Owassokie, arrow86 and jamus peek like this.

  7. #7
    Charter Member
    us
    TOM

    Dec 2012
    UPSTATE NEW YORK
    1970 COMPASS- WHITES SILVER EAGLE- WHITES DFX, 4X6DD COIL, 6X8DD COIL, 950 COIL, 10X12SEF COIL- GARRETT PRO POINTER AT, GARRETT AT PRO , MINELAB EXPLORER SE with 8.5x12.5 Cors coil
    5,303
    3131 times
    All Types Of Treasure Hunting
    Links like that , some of us will not click on in fear of a virus or something--post your pics here for more views
    A BAD DAY OF DIGGING IS BETTER THEN A GOOD DAY AT WORK

  8. #8
    us
    Feb 2019
    Minneapolis, MN
    12
    4 times
    All Types Of Treasure Hunting
    Quote Originally Posted by Charl View Post
    It's not at all uncommon for people who have no experience with artifacts to wonder if rocks that are just rocks might be artifacts. There is a learning curve involved. One way to not go about entering onto that learning curve is to just pick up rocks and ask or wonder "is this an artifact"? That is truly a fruitless approach. The best way to enter onto that learning curve is to view true artifacts from your region as much as possible. If there are museums/displays in your neck of the woods that display Native American artifacts, visit them. If you can see private collections, do so. I realize both suggestions may not be easy. There are books that will at least provide lots of examples of the various classes of artifacts. They don't have to feature artifacts from Mn., stone tools are similar across regions.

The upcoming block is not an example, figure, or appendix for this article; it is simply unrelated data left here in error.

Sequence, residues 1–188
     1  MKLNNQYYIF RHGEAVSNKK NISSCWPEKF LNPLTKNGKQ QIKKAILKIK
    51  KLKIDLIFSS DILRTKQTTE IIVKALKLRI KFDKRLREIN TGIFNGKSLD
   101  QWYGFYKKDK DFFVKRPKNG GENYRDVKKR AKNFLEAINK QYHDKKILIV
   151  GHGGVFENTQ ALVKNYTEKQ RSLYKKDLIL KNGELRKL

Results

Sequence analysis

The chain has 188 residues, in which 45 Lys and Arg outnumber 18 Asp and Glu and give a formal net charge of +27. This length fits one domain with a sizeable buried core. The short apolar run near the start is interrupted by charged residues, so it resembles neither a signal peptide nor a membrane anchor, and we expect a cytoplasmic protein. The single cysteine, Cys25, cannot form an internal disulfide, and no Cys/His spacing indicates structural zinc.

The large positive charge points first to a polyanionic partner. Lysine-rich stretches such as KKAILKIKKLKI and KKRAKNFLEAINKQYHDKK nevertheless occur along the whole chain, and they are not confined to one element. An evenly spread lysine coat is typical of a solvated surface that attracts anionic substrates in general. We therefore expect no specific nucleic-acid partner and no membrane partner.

Bottom line: you need to see as many real artifacts as possible. You need to learn what real stone artifacts actually look like. You've got to build up as many images in your mind of real stone artifacts so you can recognize one on the ground when you see it. You cannot do this by starting with no clear ideas of what they look like, and then looking. Sure, by sheer luck, you may find a projectile point or other artifact, but you are putting yourself at a severe disadvantage by not viewing as many real stone artifacts as possible, first and foremost. You're skipping that first step. Therefore making things impossibly difficult for yourself.